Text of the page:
*459 On April 4, 1985 the Appellate Division granted the Engels' motion for leave to appeal. Relying on State v. Obstein, supra, 52 N.J. 516, the Appellate Division reversed the trial court's order denying defendants' admission to pretrial bail. It set bail in the amount of $1,500,000 for each defendant and remanded the matter to the trial court for the entry of an appropriate order and for the fixing of any conditions that the trial court might deem appropriate. On April 12, 1985 the Bergen County Prosecutor filed a notice of motion for leave to appeal to this Court. We granted the State's application to stay the Appellate Division's order admitting defendants to bail pending review by the Court. We now grant the State's motion for leave to appeal and reverse and remand.


The State Constitution prescribes that "All persons shall, before conviction, be bailable by sufficient sureties, except for capital offenses when the proof is evident or presumption great." N.J.Const. of 1947, art. I, para. 11. The constitutional provision has been further implemented through our Court Rule, which provides

"All persons, except those charged with crimes punishable by death when the prosecutor presents proof that there is a likelihood of conviction and reasonable grounds to believe that the death penalty may be imposed, shall be bailable * * *." [R. 3:26-1(a).]

Although the broad terms employed by the Constitution "proof is evident" and "presumption great" are not defined or self-explanatory, they denote that the evidence that is produced at the bail hearing pointing to the commission of the crime of capital murder must be cogent and persuasive. Our Court Rule particularizes this broad constitutional standard by requiring that such evidence demonstrate both "a likelihood of conviction" and "reasonable grounds to believe that the death penalty may be imposed." R. 3:26-1(a).

The quantum of evidence necessary to satisfy this standard has been described as a "fair likelihood" of conviction. This *460 standard of proof reflects the limited nature of the issues to be resolved at a bail hearing. These issues, the likelihood of conviction and the reasonable possibility of the imposition of the death penalty, do not approach the ultimate question of guilt or innocence that is the final objective of the criminal prosecution. Consequently

[i]n such a framework the just rule for utilization is that bail should be denied when the circumstances disclosed indicate a fair likelihood that the defendant is in danger of a jury verdict of first degree murder. For only in instances where such likelihood exists is his life in jeopardy and the well recognized urge to abscond present. [Konigsberg, 33 N.J. at 376-77.]

It is also well settled that the burden is on the State to persuade the trial court that a case involves capital murder and that a defendant charged with the murder may consistent with the Constitution be denied bail. Id. at 374-75. In determining whether the State has met its burden of proof in this case, we must address the question whether, or to what extent, hearsay evidence in the form of a codefendant's confession may be considered as probative evidence in a bail hearing with respect to defendants charged with capital murder.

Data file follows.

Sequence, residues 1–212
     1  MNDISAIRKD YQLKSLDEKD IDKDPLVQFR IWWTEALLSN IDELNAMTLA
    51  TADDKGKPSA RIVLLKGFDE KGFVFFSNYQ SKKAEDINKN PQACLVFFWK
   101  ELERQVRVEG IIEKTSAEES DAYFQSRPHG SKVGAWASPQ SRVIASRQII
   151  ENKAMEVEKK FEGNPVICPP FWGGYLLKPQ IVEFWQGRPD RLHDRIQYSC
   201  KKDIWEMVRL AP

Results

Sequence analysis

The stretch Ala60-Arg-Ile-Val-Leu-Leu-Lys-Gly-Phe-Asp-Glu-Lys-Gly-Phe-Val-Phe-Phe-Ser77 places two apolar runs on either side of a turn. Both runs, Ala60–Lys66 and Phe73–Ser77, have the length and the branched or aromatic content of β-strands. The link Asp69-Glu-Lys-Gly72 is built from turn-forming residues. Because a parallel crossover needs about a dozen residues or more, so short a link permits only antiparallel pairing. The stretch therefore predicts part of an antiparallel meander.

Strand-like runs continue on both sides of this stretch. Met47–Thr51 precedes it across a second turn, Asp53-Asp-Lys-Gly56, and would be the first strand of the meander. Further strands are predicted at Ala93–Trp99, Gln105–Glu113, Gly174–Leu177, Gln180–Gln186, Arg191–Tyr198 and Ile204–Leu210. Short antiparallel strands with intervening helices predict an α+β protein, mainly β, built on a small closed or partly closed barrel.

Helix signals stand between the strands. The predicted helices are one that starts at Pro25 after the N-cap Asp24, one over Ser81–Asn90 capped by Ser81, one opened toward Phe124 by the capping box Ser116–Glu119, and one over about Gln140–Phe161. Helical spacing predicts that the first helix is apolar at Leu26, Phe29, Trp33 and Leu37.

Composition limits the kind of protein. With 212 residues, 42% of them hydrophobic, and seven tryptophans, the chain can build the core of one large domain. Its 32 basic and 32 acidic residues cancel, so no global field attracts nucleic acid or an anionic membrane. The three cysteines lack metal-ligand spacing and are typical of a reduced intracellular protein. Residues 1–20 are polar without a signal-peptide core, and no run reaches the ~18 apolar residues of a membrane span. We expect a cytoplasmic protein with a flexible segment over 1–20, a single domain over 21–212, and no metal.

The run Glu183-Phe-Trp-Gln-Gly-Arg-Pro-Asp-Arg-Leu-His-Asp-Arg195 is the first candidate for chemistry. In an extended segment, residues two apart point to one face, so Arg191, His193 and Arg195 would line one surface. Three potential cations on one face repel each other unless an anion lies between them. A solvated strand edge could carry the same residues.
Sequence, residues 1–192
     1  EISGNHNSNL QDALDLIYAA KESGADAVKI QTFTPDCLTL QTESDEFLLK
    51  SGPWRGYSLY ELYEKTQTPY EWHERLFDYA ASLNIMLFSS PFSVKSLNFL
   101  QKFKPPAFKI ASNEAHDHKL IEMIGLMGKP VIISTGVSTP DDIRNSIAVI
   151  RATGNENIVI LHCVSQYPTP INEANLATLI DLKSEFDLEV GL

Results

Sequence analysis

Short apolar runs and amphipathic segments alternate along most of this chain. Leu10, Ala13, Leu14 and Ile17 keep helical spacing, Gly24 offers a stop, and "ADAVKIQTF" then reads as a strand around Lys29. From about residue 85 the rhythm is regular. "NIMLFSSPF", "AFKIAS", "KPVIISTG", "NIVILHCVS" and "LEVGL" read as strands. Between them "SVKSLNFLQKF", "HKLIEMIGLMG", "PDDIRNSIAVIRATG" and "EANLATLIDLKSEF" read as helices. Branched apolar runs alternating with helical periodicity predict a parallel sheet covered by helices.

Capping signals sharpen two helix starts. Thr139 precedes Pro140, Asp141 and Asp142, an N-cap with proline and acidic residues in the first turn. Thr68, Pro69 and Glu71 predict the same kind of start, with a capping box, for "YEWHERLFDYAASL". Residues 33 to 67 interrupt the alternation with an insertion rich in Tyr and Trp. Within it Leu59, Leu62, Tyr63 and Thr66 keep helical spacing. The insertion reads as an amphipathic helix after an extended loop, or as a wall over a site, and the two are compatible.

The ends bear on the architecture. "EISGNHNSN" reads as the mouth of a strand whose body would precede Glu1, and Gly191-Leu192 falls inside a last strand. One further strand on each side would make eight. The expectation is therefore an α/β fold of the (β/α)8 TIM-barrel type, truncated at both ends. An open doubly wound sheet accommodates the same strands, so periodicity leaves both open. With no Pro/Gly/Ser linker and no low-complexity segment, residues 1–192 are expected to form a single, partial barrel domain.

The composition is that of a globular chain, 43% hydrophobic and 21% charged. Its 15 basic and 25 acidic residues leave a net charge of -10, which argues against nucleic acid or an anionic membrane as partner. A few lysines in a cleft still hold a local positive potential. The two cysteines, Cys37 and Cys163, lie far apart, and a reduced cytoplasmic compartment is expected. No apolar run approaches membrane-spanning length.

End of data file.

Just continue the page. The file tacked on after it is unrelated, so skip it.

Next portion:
Our treatment of hearsay evidence in general for purposes of bail in capital cases has been somewhat uneven. Konigsberg would have allowed the introduction of affidavits of witnesses but not the prosecutor's representations of what will be introduced at trial. 33 N.J. at 379. However, it is by no means clear that a codefendant's confession would be excludable under Konigsberg. We there stressed that the representations of the prosecutor as to what evidence was available and would be offered at trial were inadmissible, because incompetent, at the bail hearing. In State v. Kehr, 33 N.J. 381 (1960), decided on the same day as Konigsberg, the Court reiterated that the representations of the prosecutor as to what proof would be established at trial were incompetent testimony, but ruled that "if the representations of the prosecutor had been submitted in the form of affidavits of the proper and competent witnesses, denial of the application * * * would have been justifiable." Kehr, 33 N.J. at 383. The case was remanded to give the *461 prosecutor the opportunity "to introduce proof with the formality now adjudged to be necessary." Id.

Later, in State v. Obstein, supra, 52 N.J. at 523, the Court ruled that affidavits of witnesses are not allowed over the objection of defendant. Nevertheless, in none of the cases did we have the occasion to consider whether and under what evidentiary standards hearsay in the form of the confession of a codefendant may be admissible in a bail hearing in a capital murder case against another defendant.